Community and Dementia: Creating Better Lives in Tayside
On Thursday 1st April 2021, the Life Changes Trust held on online conference: ‘Community and Dementia: Creating Better Lives in Tayside’.
This was the eighth in our ‘Creating Better Lives’ series of conferences, which are held across the country.
The conference had two exceptional co-chairs: Robert Hamilton was a sales manager before he retired, and was diagnosed with early onset dementia eighteen months ago. He is at present a Worship Leader in the Scottish Episcopal Church and a board member of Kirrie Connections; and George Grindlay, whose experience is as an unpaid carer for his wife, Chris, who was diagnosed with early signs of dementia around three years ago.
They were joined in chairing duties by Heather Edwards from the Care Inspectorate, who took us though our Q&A panel session. Heather’s portfolio includes dementia care.
To deliver this online conference, the Life Changes Trust worked in partnership with individuals and organisations from across Tayside to design an event that reflected on and celebrated what was happening locally to support people living with dementia and their families. By doing this the Trust learned from them what was important in their local area.
For instance, where are the gaps in services and provision, what have been the struggles during the COVID pandemic and what has worked well, and what people living in Tayside say is most important to them?
Like all of our regional ‘Creating Better Lives’ conferences, this event was designed to help support local areas – and all of us – to think more deeply about how communities can uphold the human rights of people with dementia and unpaid carers.
At this conference, we heard:
- How ‘storytelling’ works to support people living with dementia and unpaid carers have their voices and reflections heard – what matters to them in their journey with dementia
- What unpaid carers of people with dementia and those who support people with dementia and unpaid carers in Tayside say are THEIR priorities in their own communities. These priorities emerged through a number of ‘storytelling’ sessions that the Trust ran in the lead up to the conference*
- Local projects and individuals from across Tayside highlighting the work they continue to deliver and the support they continue to provide during COVID 19.
The learning from our storytelling sessions are written into a report and distilled to common themes. These themes shape some of the discussion at the final conferences, so that the priorities of people with dementia and unpaid carers drive conversations and considerations on the day.
*The Tayside storytelling sessions for people with dementia but did not take place until after the event. The priorities have now been updated to reflect this.
Highlights from the webinar included hearing about the ‘Meeting Centres’ approach to dementia, where local, person centred support is provided in a community hub. Dr Shirley Evans from Worcester University explained about Meeting Centres in general, and Graham Galloway from Kirrie Connections, talked about their amazing Meeting Centre in Kirriemuir in Angus, which is the first in Scotland.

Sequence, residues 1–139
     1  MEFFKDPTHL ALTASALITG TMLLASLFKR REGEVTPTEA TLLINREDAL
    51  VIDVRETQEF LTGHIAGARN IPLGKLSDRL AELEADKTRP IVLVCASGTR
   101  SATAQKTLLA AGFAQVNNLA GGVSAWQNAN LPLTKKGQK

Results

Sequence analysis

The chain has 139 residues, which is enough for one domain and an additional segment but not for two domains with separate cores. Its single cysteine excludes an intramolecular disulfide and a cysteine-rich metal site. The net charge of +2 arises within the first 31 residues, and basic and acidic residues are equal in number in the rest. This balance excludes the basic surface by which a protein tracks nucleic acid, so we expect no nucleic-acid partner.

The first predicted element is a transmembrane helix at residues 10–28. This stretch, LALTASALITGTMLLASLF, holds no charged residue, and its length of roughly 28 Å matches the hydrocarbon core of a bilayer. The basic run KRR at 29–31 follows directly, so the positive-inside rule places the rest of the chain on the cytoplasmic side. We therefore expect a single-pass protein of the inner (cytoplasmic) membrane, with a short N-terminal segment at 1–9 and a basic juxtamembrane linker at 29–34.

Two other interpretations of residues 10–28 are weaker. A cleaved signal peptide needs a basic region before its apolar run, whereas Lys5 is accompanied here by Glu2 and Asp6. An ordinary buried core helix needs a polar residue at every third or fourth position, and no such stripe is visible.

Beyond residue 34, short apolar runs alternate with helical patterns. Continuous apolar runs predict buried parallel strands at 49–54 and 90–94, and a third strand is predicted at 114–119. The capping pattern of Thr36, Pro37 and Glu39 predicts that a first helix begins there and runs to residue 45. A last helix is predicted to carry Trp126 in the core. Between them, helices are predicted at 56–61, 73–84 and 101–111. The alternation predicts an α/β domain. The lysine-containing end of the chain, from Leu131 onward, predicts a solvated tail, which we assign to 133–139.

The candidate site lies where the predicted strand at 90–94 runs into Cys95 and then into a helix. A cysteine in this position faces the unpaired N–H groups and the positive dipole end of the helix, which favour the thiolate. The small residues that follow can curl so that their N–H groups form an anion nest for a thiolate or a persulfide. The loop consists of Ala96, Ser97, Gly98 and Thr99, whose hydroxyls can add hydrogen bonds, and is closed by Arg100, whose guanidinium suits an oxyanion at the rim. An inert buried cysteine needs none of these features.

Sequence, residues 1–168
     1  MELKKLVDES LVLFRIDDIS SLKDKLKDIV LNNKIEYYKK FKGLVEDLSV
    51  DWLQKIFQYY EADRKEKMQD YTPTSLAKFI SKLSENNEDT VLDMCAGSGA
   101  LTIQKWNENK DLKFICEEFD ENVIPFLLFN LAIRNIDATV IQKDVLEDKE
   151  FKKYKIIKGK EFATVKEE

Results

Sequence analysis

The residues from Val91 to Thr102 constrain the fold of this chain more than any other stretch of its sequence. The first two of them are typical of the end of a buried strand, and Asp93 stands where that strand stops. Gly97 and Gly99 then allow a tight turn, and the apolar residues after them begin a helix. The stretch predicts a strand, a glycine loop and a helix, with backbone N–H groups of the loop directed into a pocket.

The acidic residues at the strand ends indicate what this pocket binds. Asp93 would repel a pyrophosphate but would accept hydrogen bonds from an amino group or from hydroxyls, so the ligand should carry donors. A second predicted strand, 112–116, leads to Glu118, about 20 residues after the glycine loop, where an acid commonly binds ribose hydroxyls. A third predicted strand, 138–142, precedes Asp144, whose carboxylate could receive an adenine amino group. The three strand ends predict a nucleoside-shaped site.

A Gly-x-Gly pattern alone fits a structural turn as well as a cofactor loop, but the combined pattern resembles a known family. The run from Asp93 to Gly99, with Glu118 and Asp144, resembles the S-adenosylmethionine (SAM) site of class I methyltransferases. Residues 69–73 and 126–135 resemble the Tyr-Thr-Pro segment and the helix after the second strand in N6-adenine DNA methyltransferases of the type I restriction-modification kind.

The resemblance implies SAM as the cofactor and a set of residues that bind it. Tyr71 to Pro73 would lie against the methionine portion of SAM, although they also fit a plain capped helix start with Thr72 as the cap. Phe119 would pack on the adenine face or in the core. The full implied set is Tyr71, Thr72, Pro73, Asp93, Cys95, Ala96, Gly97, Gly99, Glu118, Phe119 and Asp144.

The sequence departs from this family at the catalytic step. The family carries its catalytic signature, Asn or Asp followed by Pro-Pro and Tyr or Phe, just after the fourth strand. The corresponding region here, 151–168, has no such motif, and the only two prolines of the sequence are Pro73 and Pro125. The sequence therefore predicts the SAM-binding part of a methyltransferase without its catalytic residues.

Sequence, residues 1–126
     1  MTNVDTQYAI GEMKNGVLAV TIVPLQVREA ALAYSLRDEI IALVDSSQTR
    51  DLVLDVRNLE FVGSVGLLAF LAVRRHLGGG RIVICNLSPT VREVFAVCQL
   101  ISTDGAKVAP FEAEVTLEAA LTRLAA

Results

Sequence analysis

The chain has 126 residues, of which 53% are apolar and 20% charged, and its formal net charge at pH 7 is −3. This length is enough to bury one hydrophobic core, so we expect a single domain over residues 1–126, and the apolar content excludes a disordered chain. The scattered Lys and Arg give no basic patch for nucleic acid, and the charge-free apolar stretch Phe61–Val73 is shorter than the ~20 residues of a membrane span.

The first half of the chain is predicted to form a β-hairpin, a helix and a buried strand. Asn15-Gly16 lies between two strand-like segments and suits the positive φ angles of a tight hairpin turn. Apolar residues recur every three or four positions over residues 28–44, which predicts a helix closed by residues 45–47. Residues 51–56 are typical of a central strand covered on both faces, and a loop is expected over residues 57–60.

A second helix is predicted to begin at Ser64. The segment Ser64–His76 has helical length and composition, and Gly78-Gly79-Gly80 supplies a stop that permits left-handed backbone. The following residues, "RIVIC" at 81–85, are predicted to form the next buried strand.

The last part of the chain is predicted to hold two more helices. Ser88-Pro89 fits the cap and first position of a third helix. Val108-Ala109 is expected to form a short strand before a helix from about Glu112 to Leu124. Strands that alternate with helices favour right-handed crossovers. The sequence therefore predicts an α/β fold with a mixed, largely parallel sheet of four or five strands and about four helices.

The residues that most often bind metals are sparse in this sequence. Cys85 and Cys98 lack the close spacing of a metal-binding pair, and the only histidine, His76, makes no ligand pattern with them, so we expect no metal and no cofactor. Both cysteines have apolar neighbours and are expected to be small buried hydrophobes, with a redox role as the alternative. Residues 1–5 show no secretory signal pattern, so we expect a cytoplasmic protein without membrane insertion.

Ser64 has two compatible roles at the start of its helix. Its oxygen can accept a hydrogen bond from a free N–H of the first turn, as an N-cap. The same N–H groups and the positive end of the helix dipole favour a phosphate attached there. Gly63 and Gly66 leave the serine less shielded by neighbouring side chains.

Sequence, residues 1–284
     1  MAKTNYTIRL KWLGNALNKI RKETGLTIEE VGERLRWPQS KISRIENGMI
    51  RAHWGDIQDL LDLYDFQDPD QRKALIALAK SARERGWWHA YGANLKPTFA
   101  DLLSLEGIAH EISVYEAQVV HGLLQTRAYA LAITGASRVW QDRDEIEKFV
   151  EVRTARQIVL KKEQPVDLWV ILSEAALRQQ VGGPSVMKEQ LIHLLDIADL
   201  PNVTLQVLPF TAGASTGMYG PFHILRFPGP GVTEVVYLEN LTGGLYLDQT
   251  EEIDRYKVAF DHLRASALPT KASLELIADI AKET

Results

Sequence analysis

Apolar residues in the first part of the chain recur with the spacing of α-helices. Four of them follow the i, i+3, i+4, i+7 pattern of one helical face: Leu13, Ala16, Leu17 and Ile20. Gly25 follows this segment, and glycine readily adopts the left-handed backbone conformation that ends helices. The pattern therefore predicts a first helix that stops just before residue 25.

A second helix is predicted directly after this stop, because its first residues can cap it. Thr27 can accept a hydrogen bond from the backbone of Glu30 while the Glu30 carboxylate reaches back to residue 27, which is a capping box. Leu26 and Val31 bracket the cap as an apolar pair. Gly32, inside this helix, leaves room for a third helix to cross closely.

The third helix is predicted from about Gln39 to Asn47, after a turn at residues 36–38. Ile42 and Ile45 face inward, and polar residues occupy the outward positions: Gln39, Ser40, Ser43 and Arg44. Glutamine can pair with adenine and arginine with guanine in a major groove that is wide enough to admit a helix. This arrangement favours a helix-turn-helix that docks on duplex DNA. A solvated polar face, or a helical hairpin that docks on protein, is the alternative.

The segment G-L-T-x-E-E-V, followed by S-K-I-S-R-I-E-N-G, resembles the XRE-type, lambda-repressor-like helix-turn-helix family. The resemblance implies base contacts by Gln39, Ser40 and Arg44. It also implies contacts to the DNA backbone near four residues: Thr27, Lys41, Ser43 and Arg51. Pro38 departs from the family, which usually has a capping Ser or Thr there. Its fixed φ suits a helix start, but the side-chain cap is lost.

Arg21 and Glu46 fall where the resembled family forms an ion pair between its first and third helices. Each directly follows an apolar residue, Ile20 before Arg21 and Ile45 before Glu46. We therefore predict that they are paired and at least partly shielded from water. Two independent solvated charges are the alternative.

We also heard from Shelagh Pilgrim, who is a Support Worker with Perth & Kinross Association of Voluntary Services, and Tracey Chisholm, from the New Rannoch Day Centre in Perth. They talked about how THEY have been delivering services to support people with dementia and unpaid carers during the challenges of COVID, and how they’ve adapted to outreach work and virtual delivery.
After the conference, the Life Changes Trust put together a summary/evaluation report which includes a brief summary of the event, the identified local priorities, discussion points during the Q&A sessions about the local priorities and how local projects are being supported to deliver, and the key messages that people felt were important to influence change going forward.
You can watch a recording of our full webinar, or you can just watch some of the presentations, below, whatever works for you.
Watch a recording of the full webinar here, including an in-depth Q&A session with our panel. The time code for the Q&A session is 57.58
We started the webinar with the short film, ‘Reframing Dementia’ featuring the Kirriemuir Hub Camera Club, as seen through the eyes of Christina Grindlay and Scott Lyon, both of whom have a diagnosis of dementia. You can watch this, below
You can watch Shona Cowie, from the Village Storytelling Centre, presenting on what people in Tayside said were THEIR priorities in their own communities, below
You can watch Dr Shirley Evans and Graham Galloway talk about Meeting Centres, below
You can watch Shelagh Pilgrim and Tracey Chisholm talk about how they have continued to deliver services in Perth and Kinross, below
Arlene Crockett from the Life Changes Trust talked about the Trust’s small grants programme in Tayside, and chatted to Kate Robertson from Outside the Box, about what they did with their award. Watch it below
The Life Changes Trust would like to thank George Grindlay, Robert Hamilton, Heather Edwards, Shona Cowie, Graham Galloway and all at the Kirriemuir Hub, Dr Shirley Evans, Shelagh Pilgrim, Tracey Chisholm, Kate Robertson, Kieran Drugan, Allison Lee, Emma Jane Wells and Shona Thomson.